32Candidiasis Maternal nipple and areola Symptoms Red, dry breasts Shiny, pink, or depigmented areolaItchy, burning breasts throughout and after a feedRadiating pain from breast to back
33Candidiasis Maternal nipple and areola Treatment Continue breastfeedingEvaluate and treat attachment problemsIbuprofen for painUse disposable or clean, dry nursing padsWash bras and night clothes in dilute bleach or sun dryAir dry breasts as much as possibleAll pump parts touching milk or breast should be washed and boiled dailyEliminate alcohol and minimize sugar in the dietAdd acidophilus in the form of yogurt, pills or acidophilus milk to diet to assist normal colonizing of bacterial floraMedicationsKetaconazole (Nizoral)Fluconazole (Diflucan) – but is not FDA approvedGentian violet (on mother’s nipples and babies’ mouth)
34ABM Protocol: Hypoglycemia Early and exclusive breastfeeding meets the nutritional and metabolic needs of healthy, term newborn infants. Healthy term infants do not develop symptomatic hypoglycemia as a result of underfeeding.
35HypoglycemiaTransient hypoglycemia is normal in immediate newborn period in term infantsSpontaneously resolves in 2-3 hoursNo evidence that treating transient, asymptomatic hypoglycemia provides any benefitHypoglycemia may develop with prolonged intervals (>8 hours) between feedsNewborns have a marked ketogenic responseNeonatal brain has enhanced capacity to use ketone bodies as fuel thereby protecting neurologic functionOutcome is different in symptomatic newborns- 12% increase in neurologic abn and a 50% increase in neuro abn with szs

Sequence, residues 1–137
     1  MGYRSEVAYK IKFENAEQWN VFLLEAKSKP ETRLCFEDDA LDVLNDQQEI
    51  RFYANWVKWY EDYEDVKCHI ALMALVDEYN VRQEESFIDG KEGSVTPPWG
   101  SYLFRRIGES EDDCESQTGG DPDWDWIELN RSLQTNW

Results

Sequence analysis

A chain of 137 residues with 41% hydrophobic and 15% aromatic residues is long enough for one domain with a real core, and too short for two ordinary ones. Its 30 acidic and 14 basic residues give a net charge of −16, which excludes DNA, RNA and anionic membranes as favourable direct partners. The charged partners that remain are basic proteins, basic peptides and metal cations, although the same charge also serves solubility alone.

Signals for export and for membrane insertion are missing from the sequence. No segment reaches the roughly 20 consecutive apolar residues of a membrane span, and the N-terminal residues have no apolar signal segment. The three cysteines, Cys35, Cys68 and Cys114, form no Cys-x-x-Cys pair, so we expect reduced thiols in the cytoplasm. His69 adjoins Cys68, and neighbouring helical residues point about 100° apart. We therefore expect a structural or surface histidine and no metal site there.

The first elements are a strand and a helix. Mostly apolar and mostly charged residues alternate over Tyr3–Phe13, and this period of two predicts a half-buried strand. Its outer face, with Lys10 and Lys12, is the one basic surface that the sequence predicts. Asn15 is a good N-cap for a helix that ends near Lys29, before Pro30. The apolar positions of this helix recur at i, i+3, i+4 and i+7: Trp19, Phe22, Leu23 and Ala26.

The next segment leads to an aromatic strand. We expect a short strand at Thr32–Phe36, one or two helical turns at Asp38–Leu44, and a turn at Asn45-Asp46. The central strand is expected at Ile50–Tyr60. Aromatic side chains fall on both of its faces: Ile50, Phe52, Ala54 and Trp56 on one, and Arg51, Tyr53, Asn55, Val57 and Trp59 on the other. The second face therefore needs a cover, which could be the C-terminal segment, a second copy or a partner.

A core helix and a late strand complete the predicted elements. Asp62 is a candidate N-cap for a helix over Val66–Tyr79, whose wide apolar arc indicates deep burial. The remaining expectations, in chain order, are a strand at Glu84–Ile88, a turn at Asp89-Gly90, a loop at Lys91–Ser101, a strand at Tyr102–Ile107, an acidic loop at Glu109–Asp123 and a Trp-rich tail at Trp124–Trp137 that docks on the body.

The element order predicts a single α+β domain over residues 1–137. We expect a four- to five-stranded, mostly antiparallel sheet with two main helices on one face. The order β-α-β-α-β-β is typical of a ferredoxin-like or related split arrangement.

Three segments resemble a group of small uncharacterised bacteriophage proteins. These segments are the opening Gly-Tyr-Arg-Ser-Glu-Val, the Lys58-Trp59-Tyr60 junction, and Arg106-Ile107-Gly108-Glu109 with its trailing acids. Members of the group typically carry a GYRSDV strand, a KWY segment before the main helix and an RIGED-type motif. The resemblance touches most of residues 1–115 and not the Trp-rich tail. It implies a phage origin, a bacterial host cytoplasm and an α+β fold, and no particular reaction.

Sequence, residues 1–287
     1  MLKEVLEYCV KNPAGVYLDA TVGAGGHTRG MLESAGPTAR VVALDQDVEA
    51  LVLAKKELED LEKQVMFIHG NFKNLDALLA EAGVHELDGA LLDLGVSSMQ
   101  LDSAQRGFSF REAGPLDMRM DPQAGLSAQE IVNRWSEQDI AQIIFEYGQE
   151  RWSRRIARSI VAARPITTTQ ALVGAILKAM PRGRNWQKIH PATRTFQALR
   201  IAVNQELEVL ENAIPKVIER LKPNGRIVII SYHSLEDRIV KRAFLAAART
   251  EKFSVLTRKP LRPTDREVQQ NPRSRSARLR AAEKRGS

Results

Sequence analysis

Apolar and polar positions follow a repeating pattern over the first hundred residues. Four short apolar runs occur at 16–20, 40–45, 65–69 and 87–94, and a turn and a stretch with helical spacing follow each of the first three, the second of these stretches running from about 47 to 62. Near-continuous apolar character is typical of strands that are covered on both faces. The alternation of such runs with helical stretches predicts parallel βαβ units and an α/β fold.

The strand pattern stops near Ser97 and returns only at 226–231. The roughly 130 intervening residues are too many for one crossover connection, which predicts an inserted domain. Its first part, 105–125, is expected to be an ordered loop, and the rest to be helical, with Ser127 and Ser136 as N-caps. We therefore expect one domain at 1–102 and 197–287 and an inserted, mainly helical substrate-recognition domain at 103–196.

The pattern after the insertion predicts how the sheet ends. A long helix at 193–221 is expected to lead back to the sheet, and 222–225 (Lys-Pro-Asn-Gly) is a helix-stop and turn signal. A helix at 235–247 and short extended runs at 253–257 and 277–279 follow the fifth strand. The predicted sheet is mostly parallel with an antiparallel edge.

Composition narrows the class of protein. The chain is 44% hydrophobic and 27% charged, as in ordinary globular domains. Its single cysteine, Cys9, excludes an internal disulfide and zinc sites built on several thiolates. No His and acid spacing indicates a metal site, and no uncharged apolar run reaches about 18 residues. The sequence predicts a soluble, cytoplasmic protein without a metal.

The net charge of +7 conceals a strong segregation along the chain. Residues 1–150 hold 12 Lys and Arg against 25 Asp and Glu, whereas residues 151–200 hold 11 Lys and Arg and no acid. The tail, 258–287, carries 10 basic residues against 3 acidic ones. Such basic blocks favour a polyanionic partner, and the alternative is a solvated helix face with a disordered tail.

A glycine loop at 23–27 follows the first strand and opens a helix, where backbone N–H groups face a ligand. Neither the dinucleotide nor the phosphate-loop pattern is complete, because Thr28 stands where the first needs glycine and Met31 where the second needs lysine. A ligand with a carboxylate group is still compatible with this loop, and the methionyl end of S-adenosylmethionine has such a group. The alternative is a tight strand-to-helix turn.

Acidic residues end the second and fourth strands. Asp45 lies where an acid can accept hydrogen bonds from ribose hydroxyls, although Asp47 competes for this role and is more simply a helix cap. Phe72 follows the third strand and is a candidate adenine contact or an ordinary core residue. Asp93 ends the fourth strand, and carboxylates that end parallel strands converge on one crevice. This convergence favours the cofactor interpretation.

36Effect of Hypoglycemia No long term effect on asymptomatic infantsStudies (1-4 year follow up) have not shown an effect of treatment on short- or long-term neurologic outcomes compared with no treatmentEffect on symptomatic infants12% increase in neurologic abnormalities50% increase in neurologic abnormalities in infants with seizures due to hypoglycemiaWhite matter changes have been demonstrated on MRI in neonatal periodAnimal studies and human postmortem studies suggest that severe prolonged hypoglycemia gives rise to distinct patterns of brain injury, with a propensity for occipital and parietal cortex and subcortical white matter (WM) involvement.Early MRI findings were more instructive than severity or duration of hypoglycemia in predicting neurodevelopmental outcomes. PEDIATRICS Vol. 122 No. 1 July 2008, pp (doi: /peds )
37Definition of Hypoglycemia Definition is controversial due to lack of correlation between plasma glucose, symptoms, and long term sequelaeNormal glucose pattern is a fall over two hours after birth with a rise over the next 96 hours regardless of feeds*Nadir at 1-2 hours: 28 mg/dlThreshold at 3-47 hours: 40 mg/dlThreshold at hours: 48 mg/dlBreastfed babies tend to have lower glucose and higher ketone bodies*These levels are from a metaanalysis of studies from 1986 to 1994 of mostly mixed fed or formula fed infantsPlasma or serum glucoses are 10%-15% higher than in whole blood.
38Routine Monitoring for Hypoglycemia Routine monitoring is NOT recommended for healthy, term newbornsRoutine monitoring is recommended for at risk infants